The smell of the shop is just as inviting, the coffee itself just as reliably rewarding. Yet, all is not well in Starbucks land.
They’re changing the logo. I didn’t like the sound of that when I first saw the headline of the release a colleague had shared. Now that I’ve seen the new logo, I like it less.
How does it strike you? I think it looks naked. The poor siren is suspended in space, unanchored. She looks insecure. And now that it’s monochromatic, now that the “siren” is green and there’s no black to offset it, the whole lacks contrast, definition and character. Also, removing the words suggests a surrender to a post-literate world — and while I may have this wrong, I would have said that Starbucks’ constituency would tend to be more literate than the general population.
Moreover, it’s an unnecessary break with tradition, which on principle I abhor. (I’m not much on show tunes, but to the extent that I have a favorite, it’s “Tradition” from “Fiddler on the Roof.” The rest of the play, in which Tevye is forced to accept successively more jarring breaks with tradition, I like less.) It’s insupportable, as the original Darcy would have said. And then, when I read the reasoning — that it’s intended “to move the Seattle, Washington-based company beyond coffee” — I was nothing short of appalled.Beyond coffee? That’s like the church moving “beyond God” (which you might say some churches have done, but let’s not get off on a theological digression).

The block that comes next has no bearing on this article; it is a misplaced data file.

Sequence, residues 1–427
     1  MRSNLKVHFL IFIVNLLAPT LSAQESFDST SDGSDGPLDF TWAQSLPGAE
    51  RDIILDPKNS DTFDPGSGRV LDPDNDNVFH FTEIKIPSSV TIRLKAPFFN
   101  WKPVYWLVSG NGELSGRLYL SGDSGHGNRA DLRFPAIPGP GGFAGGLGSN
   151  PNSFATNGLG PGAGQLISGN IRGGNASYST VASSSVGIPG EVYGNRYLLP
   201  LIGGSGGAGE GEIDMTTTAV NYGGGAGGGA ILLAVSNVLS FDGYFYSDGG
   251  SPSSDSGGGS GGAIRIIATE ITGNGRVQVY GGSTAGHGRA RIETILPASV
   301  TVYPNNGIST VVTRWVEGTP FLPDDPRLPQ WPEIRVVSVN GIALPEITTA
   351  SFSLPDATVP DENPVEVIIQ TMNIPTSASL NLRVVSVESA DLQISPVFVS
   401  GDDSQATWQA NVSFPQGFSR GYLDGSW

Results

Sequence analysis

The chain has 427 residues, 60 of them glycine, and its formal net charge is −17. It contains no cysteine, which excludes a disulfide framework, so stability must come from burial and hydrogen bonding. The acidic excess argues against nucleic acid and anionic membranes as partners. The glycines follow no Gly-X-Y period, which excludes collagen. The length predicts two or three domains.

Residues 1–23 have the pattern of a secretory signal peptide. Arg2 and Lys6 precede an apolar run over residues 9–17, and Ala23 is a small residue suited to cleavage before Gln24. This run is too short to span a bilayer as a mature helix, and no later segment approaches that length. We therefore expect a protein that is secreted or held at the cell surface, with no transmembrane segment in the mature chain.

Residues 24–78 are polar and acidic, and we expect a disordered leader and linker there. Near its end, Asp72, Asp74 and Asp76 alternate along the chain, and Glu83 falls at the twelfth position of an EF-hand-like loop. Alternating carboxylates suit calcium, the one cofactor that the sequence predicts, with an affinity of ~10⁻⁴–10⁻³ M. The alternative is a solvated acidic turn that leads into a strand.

You ask me, I say if you must change, go back to the original brown logo (except that it had “and Tea,” which also distracted from the point). But, well, they didn’t ask me…
— Brad Warthen